Come on, answer this one truthfully. We all know it's gonna be D.

Experiencing Unsettling Intrigue in Asemblance

Asemblance
Gameplay
graphics
audio
value
fun
Genre
Reviewed On
PlayStation 4
Available For
Difficulty
Easy
Developer(s)
ESRB
ESRB
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Fear and confusion are two of the strongest emotions we have, and Nilo Studios hits these hard with their first person mystery titled Asemblance. Unfortunately for Asemblance, one of these emotions is often too short and one eventually becomes too long lived. If The Twilight Zone and P.T. had a one night stand that resulted in child birth, Asemblance would likely be the result.

From the beginning of the game you are placed in a chamber of sorts; there is a room in front of you a computer nearby and a voice speaking to you through some sort of intercom. That is all the information you have as a red light flashes and you’re told of the situation you’re in. You are quickly asked a question on your emotional state only to find out it was just a test and it only gets more confusing from there.

Please wait for the scene to completely load before stepping in, and keep your arms inside the memory at all times.
Please wait for the scene to completely load before stepping in, and keep your arms inside the memory at all times.

You are then implored to choose a memory to go to. Yep that’s right this is some real Inception level stuff and it’s only the beginning. From there it’s a non-stop journey through a set of memories where as long as you follow the context clues you will be continuously finding new endings.

Now as you push through the game you will pick up small clues about what’s going on from listening to tapes to reading papers on a desk the game does it’s best to give you bread crumbs to follow. However as of the time of this review there is one key issue to the story element: no one seems to have found the final ending.

You will want to find a lot of tapes like this to have any clue about what is really going on.
You will want to find a lot of tapes like this to have any clue about what is really going on.

The first batch of endings are easy to find once you get rolling and you’ll want to find them because they are interesting and add depth to the already engrossing world, however the final ending, whether it reveals everything or not, seems to not have not been found by anyone except the dev team. Now a challenge is fine, but for something to be so utterly confusing to figure out is hard to justify even with the game’s narrative.

This memory is having technical difficulties. Please stand by...
This memory is having technical difficulties. Please stand by…

The games atmosphere is one of its strongest points. Asemblance’s ability to change the tone and feeling of the situation is stellar. In one moment you can be in a serene somewhat relaxed environment and a minute later you’ll be covered in goose bumps as foreboding sounds and unsettling shadows await you. The game visually is solid; it was built in Unreal Engine 4 so it is by no means bad. Where the game excels in its visuals is the way it uses small details and effects. The way shadows appear to be mysterious and threatening and the way the screen will shake and fissure like it were being interrupted, even down to the use of color.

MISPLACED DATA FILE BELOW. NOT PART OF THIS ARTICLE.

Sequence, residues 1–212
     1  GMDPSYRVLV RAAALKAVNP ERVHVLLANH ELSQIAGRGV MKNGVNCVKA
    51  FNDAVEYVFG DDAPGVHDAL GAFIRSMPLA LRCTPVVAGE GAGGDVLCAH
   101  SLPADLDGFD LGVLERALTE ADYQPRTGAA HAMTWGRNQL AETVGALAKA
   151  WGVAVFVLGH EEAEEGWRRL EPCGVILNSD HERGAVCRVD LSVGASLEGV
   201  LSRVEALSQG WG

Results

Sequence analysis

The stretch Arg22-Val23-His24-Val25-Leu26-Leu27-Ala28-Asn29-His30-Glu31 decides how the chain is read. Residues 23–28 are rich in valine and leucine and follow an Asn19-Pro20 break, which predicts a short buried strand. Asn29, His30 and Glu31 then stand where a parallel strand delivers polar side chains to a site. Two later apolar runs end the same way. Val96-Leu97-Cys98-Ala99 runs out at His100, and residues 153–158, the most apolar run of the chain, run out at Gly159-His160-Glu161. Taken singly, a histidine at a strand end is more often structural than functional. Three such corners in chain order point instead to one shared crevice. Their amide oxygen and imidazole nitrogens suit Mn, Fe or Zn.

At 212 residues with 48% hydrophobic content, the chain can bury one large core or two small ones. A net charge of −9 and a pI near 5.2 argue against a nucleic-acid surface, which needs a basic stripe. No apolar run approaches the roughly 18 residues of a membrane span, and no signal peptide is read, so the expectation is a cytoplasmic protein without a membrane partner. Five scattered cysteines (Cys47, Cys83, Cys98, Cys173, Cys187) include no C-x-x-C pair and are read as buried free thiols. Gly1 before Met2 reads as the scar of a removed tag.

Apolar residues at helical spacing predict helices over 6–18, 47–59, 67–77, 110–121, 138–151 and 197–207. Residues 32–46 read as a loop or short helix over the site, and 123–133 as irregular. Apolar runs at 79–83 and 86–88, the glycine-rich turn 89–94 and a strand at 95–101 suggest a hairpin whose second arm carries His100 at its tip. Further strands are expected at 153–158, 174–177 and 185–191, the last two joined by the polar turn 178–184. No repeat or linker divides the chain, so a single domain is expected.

So to exit the holodeck, you need to speak the command word, or something like that.
So to exit the holodeck, you need to speak the command word, or something like that.

The other part of design where this game excels is sound. The sounds of this game are absolutely stellar; everything from the sound of footsteps to the small bits of voice acting or glitches in the AI narrator’s voice. Every area in the game has a distinct sound to: the outdoors is quiet but soothing, the office is cold and weighted, and the apartment is unsettling and unnatural. All of these small details in sound make a big difference as they manage to keep you involved where the gameplay does not.

Now this apartment is a real steal. You cant get into this neighborhood every day.
Now this apartment is a real steal. You cant get into this neighborhood every day.

The gameplay of Asemblance is most similar to other trippy walking (pun intended) simulator: The Stanley Parable, however that doesn’t get it out of the woods. First I’ll be fair, for a walking simulator some of the other included actions are interesting. These include traveling from one memory to the next through focusing on objects or even changing the time by looking at clocks. Unfortunately, these get old quickly as you continue to try and find another ending. The biggest problem this game has is that there just isn’t much there. You have four accessible areas and about five or so endings. Once you get stuck trying to figure out the final ending no one else seems to have found, you realize their isn’t all that much for a ten dollar price tag.

Come on, answer this one truthfully. We all know it's gonna be D.
Come on, answer this one truthfully. We all know it’s gonna be D.

In the end Asemblance is a game that has unlimited potential if, according to the devs, this is only the first of a series. However, this is still only a standalone title and therefore can only be treated as such. If there is a series and it turns out to be amazing we might look back at Asemblance as the first step in a great journey, but hind sight is 20/20 and current sight isn’t all that great.

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